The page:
Apparently what everyone thinks daytime TV needs is more shows so chock full of hosts that no one can get a word in edgewise.
ABC has been airing The View in daytime since 1997, and the show turns in highly respectable ratings, especially considering the state of daytime TV. Now, with Oprah departing and soap operas in decline, networks are looking for new programs to put on the air. The answer increasingly seems to be to put a bunch of chatty Cathys on the couch and let the cameras roll.
The New York Daily News today reported that Barbara Walters and Bill Geddie, creators of The View, have a new daytime co-ed panel show in development that would include both the male and female perspective. I assume this is because women are interested in what men think, not because ABC thinks any men will be watching this show, because they won’t be. (If you are a man who watches daytime talk shows – and I’m sure you exist but I have never met you – then please forgive me.)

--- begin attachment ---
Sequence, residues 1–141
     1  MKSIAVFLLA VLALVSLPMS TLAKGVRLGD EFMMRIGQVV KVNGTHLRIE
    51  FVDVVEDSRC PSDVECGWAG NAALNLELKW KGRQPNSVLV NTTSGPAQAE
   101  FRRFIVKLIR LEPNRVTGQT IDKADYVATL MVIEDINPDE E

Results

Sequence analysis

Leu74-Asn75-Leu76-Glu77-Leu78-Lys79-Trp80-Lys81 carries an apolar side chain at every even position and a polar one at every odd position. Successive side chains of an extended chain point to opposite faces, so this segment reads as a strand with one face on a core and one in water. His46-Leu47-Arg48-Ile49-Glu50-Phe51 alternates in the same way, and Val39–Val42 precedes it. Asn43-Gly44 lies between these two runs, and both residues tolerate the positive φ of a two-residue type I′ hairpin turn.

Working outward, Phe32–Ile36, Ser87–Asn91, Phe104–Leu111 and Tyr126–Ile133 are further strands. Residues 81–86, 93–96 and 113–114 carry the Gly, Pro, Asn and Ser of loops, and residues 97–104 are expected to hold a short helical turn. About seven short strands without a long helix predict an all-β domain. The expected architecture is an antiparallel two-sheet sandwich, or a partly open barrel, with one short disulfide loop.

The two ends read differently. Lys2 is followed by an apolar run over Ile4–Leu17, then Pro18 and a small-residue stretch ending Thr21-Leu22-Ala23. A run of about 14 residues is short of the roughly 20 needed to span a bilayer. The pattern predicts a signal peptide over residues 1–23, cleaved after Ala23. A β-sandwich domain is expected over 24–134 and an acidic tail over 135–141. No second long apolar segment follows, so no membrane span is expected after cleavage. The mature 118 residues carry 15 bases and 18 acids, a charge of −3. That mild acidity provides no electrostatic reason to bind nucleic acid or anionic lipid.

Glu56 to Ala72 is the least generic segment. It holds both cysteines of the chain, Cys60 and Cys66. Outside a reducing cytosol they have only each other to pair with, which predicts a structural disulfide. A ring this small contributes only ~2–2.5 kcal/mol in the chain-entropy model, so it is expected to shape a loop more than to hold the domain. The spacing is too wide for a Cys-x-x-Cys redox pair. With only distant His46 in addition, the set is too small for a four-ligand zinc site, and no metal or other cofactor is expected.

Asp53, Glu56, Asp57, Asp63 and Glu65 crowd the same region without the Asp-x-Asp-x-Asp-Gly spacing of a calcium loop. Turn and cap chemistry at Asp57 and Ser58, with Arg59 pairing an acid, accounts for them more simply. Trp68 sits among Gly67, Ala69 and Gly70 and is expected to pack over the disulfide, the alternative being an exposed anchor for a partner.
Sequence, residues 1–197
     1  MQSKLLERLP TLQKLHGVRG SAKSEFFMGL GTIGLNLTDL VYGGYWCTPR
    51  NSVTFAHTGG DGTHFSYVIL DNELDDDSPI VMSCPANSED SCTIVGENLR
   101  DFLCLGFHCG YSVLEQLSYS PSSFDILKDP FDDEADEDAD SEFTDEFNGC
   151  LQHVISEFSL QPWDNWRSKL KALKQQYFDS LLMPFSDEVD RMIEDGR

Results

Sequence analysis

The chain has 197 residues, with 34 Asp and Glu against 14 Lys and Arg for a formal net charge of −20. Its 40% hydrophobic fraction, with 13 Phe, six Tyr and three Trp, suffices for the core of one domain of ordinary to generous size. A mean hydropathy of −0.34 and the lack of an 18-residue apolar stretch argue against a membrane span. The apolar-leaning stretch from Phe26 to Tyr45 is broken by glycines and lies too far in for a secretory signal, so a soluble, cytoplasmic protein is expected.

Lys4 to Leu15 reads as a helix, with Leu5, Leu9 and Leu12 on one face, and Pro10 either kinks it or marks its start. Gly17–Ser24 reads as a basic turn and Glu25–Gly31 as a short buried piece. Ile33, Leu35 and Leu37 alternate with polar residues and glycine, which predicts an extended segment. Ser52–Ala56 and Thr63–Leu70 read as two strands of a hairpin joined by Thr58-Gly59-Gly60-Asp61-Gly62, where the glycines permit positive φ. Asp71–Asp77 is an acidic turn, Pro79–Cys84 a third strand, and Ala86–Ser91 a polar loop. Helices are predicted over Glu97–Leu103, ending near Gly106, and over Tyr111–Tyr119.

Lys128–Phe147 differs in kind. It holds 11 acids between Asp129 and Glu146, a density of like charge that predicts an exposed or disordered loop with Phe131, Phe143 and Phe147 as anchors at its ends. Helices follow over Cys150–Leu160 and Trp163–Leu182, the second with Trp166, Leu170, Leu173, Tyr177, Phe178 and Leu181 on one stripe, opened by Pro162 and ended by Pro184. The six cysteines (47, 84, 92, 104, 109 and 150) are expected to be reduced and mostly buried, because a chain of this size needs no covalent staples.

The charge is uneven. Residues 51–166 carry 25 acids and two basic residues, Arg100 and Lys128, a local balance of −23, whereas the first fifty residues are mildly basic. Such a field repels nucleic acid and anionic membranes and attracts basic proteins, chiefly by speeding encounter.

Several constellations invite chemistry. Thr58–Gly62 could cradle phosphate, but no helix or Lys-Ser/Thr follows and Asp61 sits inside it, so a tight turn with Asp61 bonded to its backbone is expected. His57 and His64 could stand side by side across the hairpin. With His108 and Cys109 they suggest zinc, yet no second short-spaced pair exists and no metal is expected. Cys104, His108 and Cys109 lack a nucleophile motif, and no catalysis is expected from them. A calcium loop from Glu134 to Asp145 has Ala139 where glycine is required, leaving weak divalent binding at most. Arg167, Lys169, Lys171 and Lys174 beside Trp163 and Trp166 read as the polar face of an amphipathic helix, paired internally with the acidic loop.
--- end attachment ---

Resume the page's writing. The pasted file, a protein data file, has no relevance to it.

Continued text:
The show would be targeted for afternoons, so it could feasibly occupy some of those late afternoon Oprah slots, which are becoming increasingly less available as stations set their plans, and it wouldn’t compete with The View, which airs in the late morning.
According to the Daily News, former Today show host Bryant Gumbel is Walters and Geddie’s top choice to serve as the show’s moderator. Looking at the entire wish-list, the developers are leaning toward a multi-cultural cast: Filipino-American comedia Alec Mapa, who appeared on ABC’s Ugly Betty, is the other man under consideration, while former BET anchor Jacque Reid and former Fox News host E.D. Hill are the women. Mapa, Reid and Hill all have appeared previously on The View and turned in performances that impressed the show’s producers. The Daily News did not have a name for the fifth slot.
Unsurprisingly, ABC had no comment.
CBS is launching its own panel show this October: The Talk, featuring Julie Chen, Sara Gilbert, Sharon Osbourne, Holly Robinson Peete, Marisa Jaret Winokur and Leah Remini. The Talk will take on topics from a mom’s point of view, and all the women on the panel are mothers.
Warner Bros. was shopping around a similar show last year called MomLogic, a spin-off of the company’s Web site by the same title, but the difficult economy eventually tanked the sale.
Producers seem to think that more is more when it comes to daytime. We’ll see if they’re right.